What I’ve found is that there are a lot of problems with influence being our personal currency.

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Many people would claim that America is a “Christian” nation…

The most post-Christian place in America...

The most post-Christian place in America…

Or at least, it was a Christian nation.

My news feed is kind of a continual flux when it comes to just how Christian our culture is today. If I want, I can find no shortage of doom and gloom, prophets and pundits who are always showing just how bad things are for Christianity in America. On the other side of things, there are a few lone voices who speak up every now and then to say, “Wait! It’s not as bad as it seems.”

This week, I saw another survey from the Barna Group which shows just how “post-Christian” American cities are. My hometown, Kansas City, comes in at number 38, with a total post-Christian population at 33%. Albany, NY is the most post-Christian city, along with most of the Northeast, while Knoxville, TN ranks near the bottom (or top, depending on how you look at it.)

I tend to take these surveys with a grain of salt, but something particularly struck me this time about how we typically measure “Christian-ness.” I started reading their various “metrics” (a term that sounds more at home in a tax accountant’s office) that were used to calculate our cities’ rankings, when something occurred to me.

I don’t know if we have a problem of lack of faith in our culture. But we certainly have a problem when it comes to how we measure faith.

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I have a confession to make.worship_by_knilvrie

I have spent my life in church. A preacher’s kid, then a seminary grad. Now, after seven years of house church ministry, my wife and I are embarking on a new chapter. We don’t even know what the chapter is. There is no invitation to another church, no greener pasture that we are making a break for. We have done this thing longer than the average pastor stays at a full time church ministry.

What we do know is that making a transition, finding a new place is going to be hard. We both feel like we have some odd angles, some characteristics that make it challenging for us to settle into a new place. She is a raving introvert, while I am an introvert who can act like an extrovert…sort of.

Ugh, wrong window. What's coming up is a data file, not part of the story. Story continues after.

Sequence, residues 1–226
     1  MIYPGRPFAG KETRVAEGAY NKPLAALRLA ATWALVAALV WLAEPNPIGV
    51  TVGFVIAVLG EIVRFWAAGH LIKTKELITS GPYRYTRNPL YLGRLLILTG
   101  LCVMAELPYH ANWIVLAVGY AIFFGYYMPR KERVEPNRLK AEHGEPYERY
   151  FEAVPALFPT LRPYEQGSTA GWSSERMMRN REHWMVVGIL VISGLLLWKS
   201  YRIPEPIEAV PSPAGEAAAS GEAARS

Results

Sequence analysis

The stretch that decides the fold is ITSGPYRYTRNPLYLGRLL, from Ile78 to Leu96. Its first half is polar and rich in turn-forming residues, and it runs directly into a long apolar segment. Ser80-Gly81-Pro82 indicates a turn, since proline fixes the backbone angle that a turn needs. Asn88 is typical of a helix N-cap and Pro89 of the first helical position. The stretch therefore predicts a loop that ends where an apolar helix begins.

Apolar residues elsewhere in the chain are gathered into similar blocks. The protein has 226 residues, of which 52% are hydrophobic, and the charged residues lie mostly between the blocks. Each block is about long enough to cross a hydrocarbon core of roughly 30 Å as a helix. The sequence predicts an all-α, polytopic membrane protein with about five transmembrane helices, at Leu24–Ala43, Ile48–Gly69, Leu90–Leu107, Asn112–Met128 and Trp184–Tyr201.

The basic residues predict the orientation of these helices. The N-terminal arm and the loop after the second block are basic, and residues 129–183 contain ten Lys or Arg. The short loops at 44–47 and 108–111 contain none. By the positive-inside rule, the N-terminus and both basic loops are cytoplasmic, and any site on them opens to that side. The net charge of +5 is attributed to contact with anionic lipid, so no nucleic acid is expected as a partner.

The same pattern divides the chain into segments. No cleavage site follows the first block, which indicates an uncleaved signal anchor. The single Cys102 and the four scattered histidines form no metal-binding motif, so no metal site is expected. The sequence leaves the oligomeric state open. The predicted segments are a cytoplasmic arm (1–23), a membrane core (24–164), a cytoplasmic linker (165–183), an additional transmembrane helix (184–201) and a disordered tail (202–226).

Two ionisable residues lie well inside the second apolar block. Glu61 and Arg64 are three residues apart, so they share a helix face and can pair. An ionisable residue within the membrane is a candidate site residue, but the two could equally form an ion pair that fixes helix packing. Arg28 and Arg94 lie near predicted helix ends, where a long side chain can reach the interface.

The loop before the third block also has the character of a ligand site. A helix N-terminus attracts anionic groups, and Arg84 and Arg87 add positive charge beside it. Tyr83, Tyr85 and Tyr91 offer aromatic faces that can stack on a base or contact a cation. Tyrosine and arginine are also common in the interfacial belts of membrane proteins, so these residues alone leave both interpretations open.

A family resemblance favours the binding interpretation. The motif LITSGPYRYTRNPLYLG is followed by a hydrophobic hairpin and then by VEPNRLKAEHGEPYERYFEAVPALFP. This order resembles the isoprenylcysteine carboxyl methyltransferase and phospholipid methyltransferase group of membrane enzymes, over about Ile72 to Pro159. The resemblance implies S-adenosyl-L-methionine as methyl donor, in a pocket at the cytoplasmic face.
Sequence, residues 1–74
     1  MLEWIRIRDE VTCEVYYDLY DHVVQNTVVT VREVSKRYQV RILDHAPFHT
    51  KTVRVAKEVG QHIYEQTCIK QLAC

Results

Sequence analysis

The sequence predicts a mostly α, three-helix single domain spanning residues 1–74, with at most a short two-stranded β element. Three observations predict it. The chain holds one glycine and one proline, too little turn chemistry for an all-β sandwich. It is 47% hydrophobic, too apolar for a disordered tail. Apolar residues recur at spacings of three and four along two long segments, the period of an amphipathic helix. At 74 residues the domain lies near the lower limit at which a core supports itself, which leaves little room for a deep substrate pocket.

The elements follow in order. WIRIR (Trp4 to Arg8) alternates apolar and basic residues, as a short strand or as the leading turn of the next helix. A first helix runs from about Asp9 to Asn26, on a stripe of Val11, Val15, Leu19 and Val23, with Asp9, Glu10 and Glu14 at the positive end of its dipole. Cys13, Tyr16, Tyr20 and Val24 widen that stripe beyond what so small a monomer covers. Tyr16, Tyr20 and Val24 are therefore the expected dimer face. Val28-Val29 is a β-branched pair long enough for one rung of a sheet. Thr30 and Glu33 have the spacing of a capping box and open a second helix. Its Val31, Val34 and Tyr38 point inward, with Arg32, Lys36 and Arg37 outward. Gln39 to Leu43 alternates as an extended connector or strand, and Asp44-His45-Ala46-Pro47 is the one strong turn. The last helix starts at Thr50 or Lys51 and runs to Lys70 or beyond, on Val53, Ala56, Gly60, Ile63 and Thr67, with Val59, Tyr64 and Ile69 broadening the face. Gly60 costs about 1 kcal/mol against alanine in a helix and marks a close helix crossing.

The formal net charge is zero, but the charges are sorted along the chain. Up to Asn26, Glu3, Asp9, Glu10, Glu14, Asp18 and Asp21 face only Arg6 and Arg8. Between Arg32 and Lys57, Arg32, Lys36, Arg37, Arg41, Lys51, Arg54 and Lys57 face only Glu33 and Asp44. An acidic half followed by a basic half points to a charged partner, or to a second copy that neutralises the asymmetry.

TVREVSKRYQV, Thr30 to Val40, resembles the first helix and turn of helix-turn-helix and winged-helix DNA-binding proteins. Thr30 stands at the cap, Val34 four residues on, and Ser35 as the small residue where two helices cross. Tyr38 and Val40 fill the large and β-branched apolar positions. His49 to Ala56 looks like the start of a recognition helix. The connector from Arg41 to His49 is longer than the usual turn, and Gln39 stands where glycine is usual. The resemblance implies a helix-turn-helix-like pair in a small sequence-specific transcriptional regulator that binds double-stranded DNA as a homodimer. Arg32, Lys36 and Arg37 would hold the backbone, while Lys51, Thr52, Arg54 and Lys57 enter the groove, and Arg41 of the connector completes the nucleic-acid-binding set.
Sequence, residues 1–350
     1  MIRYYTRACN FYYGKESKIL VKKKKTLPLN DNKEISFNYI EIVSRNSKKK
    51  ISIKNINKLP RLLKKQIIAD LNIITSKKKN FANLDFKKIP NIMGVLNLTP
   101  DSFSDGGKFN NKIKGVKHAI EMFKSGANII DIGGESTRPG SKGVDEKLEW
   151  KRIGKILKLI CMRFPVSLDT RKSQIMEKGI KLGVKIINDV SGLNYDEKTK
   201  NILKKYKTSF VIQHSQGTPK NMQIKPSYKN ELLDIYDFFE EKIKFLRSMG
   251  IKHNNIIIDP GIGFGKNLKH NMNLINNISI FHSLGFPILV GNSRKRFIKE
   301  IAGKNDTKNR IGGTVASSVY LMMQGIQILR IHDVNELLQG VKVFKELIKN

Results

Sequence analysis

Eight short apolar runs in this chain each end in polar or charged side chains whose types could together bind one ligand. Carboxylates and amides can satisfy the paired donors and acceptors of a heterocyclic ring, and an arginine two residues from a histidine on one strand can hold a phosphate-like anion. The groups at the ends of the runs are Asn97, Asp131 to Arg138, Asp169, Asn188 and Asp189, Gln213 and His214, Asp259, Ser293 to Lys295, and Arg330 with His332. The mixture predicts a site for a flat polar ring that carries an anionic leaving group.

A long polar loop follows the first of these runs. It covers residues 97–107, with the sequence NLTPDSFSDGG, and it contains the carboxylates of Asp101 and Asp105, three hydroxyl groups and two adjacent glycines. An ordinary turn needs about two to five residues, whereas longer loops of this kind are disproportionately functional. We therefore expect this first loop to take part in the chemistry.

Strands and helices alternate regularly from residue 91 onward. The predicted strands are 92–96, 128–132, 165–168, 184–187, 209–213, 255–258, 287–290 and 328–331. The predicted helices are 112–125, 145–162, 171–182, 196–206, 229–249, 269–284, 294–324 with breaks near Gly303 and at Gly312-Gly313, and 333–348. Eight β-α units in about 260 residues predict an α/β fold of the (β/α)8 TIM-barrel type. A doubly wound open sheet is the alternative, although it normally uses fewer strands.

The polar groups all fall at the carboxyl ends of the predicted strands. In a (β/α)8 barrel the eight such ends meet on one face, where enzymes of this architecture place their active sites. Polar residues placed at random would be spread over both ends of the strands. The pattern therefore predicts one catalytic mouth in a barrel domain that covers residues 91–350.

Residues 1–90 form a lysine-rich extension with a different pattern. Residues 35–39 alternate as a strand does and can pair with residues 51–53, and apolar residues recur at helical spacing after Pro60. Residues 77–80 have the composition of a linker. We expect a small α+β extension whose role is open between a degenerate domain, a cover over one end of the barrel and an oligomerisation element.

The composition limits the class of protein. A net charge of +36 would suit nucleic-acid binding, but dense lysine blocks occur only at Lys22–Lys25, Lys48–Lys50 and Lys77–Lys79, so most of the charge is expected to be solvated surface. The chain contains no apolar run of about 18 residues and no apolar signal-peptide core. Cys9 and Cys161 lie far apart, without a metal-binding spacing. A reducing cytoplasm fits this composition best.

And what we find to be the case is that church is a decidedly extroverted place. A bunch of extroverts usually stand up front. By and large, modern worship, church life and leadership values extrovertism over characteristics, such as contemplativeness.

And so, as we prepare to embark on a transition we are both kind of dreading, it makes me think of all of the churches I have visited, all of the places I have worshiped (or at least tried to worship.) It makes me think of all the reasons that two pretty introverted people have kind of a tough time with church, even though we love it.

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Most businesses fail in the first five years.63399507023589182799

We know what failure means when it comes to business. It means that the business did not make enough money. It means that the owner could not feed his or her family. And beside the financial cost, there is probably a big emotional cost to a failed business as well. People pour their hearts into something that they hope will succeed and when it does not, it feels more like a personal failure.

But what does it mean for a church to fail?

This last week, I saw not one but two blogs about churches that “failed,” meaning they closed shop, went out of business, so to speak.

My heart went out to the authors, because I’ve been there. I’ve been a part of a church that ended. And it is heartbreaking.

But at the same time, I ask myself, what do we mean by a church failing? A church is not a business. A church is not a corporation. So what happens when we define a church in the terms of a business? What happens when we define “success” and “failure” the same way Wal-Mart defines those terms?

I have made a realization in the years since my own church failed. What happens is that the church has not failed. We have failed to define “church.”